A World Without PMS

Mainstream first world culture today has us so far removed from our bodies, from our connection to the Earth.  From our material makeup, the foods we ingest, and the medicines we take to heal our bodies, there is little regard to hold our connection to Earth in tact.  This can be seen in the popular food of North America that expands worldwide (fast food, dairy, starches, few fruits and vegetables), to the products we put on our bodies that contain mass amounts of chemicals not supported by our material makeup, and lastly to the ways of our medical system in pharmaceuticals that are widely used for many ailments including headaches, premenstrual syndrome (PMS), belly aches, allergies, as well as ailments like cancer, depression, and heart conditions.

The symptoms of premenstrual syndrome, PMS, occur in the phase after ovulation, the luteal phase.  For many women this is usually the week before menstruation, but for some the onset occurs even earlier.  Recognizing the cyclical nature of its symptoms clues us in on what is not working in our bodies.

To preserve us as a species (and particularly as women who birth life to our species), we must bring ourselves back to optimal health; we must learn to be more in tune with our bodies to continue the preservation of homo sapiens as we have known.   Not only is healing PMS naturally a wonderful option for those who suffer on a month to month basis, but it reconnects us to the Earth, her powerful healing gifts, and will encourage our preservation.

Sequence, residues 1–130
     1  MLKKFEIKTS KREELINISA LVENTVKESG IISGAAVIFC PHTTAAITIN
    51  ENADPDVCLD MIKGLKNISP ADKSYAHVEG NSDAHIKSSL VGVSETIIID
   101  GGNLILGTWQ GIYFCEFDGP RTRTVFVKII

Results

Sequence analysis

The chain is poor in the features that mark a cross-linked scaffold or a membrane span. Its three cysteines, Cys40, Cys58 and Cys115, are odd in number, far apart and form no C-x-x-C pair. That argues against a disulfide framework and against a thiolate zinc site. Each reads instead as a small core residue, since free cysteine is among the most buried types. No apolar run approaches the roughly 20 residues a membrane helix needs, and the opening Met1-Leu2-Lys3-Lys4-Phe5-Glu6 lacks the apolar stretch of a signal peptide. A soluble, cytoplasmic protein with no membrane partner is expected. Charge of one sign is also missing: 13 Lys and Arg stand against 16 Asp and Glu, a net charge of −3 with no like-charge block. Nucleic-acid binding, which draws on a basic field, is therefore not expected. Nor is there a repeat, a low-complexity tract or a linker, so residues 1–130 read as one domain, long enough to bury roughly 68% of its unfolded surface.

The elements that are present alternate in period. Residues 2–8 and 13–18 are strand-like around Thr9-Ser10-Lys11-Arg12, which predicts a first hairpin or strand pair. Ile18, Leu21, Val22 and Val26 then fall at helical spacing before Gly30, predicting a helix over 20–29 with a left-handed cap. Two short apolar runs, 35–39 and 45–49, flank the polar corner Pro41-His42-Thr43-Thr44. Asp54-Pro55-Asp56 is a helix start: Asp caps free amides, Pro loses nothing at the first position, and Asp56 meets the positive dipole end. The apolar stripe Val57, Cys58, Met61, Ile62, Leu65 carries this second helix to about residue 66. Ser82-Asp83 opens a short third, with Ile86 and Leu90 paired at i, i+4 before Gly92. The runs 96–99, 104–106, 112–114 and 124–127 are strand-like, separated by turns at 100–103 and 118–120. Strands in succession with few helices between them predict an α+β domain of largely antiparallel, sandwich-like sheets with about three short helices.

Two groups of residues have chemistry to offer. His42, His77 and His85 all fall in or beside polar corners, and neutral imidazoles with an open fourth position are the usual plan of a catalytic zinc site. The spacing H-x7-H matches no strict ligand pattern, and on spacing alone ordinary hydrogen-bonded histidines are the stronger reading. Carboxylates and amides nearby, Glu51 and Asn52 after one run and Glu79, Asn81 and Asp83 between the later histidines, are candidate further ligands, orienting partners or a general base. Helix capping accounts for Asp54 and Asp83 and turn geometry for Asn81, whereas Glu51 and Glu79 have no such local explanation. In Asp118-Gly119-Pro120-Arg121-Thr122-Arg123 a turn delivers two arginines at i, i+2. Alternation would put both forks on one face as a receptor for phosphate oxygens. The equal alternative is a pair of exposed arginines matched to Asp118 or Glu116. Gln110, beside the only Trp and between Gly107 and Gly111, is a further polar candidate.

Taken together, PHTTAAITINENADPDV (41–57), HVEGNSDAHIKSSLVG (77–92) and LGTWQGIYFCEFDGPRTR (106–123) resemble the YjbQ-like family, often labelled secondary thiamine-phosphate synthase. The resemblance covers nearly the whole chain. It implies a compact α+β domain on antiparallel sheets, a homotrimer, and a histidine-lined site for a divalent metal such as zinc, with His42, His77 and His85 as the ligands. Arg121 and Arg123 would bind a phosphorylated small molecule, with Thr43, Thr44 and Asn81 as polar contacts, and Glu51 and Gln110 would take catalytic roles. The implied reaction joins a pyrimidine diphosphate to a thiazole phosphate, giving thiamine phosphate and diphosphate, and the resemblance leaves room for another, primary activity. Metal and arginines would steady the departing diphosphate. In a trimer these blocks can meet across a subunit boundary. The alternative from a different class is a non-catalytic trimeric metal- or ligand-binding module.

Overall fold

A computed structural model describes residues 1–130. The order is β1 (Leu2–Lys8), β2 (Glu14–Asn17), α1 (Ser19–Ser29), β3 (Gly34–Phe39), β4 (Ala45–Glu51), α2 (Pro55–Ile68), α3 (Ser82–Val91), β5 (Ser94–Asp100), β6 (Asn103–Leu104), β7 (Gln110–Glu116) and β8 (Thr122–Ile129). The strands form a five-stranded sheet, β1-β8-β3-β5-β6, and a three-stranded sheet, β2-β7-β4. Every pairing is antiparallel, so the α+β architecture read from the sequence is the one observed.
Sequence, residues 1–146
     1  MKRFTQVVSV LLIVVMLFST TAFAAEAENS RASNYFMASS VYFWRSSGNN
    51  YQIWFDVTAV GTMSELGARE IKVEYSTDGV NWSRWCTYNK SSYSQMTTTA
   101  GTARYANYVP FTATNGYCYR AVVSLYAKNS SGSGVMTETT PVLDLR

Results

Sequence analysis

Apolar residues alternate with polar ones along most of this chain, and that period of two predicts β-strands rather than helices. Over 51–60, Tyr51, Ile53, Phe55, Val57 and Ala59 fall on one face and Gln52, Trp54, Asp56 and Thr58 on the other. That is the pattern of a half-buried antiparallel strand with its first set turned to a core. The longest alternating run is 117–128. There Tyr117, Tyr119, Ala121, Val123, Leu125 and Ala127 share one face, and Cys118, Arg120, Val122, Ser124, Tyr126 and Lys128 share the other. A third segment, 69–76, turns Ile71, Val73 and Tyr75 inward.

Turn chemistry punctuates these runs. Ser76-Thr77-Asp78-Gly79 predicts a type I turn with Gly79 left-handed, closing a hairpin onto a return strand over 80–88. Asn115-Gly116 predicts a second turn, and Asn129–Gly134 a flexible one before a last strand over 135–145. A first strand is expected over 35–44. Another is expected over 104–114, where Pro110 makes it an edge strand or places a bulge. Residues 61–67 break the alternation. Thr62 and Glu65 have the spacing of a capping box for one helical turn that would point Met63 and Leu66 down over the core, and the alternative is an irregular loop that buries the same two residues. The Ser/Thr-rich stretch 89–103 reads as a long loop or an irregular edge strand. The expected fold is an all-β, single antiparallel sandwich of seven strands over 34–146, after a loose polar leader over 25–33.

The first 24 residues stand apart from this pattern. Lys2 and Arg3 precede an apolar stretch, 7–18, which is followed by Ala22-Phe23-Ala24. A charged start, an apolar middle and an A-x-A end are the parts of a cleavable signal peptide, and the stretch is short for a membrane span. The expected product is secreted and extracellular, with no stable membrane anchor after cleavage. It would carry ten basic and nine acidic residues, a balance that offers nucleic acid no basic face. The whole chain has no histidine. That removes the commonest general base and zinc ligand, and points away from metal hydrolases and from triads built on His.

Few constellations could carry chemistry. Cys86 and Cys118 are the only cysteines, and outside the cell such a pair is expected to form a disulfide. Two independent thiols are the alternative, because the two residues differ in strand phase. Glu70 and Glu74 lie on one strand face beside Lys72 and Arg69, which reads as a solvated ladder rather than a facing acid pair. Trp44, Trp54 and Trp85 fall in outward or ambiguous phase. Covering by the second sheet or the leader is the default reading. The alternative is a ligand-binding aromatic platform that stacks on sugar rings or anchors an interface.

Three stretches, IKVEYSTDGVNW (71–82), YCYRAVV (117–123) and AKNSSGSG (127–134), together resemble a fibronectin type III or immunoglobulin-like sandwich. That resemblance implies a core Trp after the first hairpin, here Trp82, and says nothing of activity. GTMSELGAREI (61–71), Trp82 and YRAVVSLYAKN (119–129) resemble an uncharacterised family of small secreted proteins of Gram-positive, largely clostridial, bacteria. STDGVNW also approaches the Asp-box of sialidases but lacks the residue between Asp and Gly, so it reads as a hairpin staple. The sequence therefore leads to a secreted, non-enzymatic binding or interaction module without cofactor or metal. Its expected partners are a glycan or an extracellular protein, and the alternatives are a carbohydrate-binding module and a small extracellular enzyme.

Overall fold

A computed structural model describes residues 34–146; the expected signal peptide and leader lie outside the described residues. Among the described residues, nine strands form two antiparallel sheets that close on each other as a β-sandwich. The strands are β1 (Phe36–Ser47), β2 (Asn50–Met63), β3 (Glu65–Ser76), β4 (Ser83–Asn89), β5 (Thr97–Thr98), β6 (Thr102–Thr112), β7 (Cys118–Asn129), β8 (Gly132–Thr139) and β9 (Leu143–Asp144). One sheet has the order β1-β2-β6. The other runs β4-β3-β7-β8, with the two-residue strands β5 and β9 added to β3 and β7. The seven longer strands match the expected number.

Utilizing products, medications and foods for PMS relief that are not supported by our body’s systems, can possibly mask other medical conditions that need to be addressed and ultimately lead to greater health issues over a long period of time.  There seems to be a vast hyper dependency upon pharmaceutical drugs for ailments that can be resolved with using the elements of nature- fire, water, air, earth.  Our disconnection to and independence from Earth can encourage other ailments to arise, as our bodies are not designed for processing these foreign substances.

Healing PMS can be empowering, as well as a great joy and hallelujah moment for many.  Even Mary J Blige states in her song, “PMS” that – “The worst part about being a woman is PMS”. This doesn’t have to be so when we take natural, mindful steps toward our healing.

Because PMS has a broad range of systems to qualify for diagnosis (over 100), without proper cognizance of when they are occurring during a woman’s menstrual cycle and whether they are dissipating with the onset of one’s bleeding, it can be confusing to pinpoint the true cause of such symptoms as headaches, abdominal bloating, food binges, fatigue, and back pain to name a few.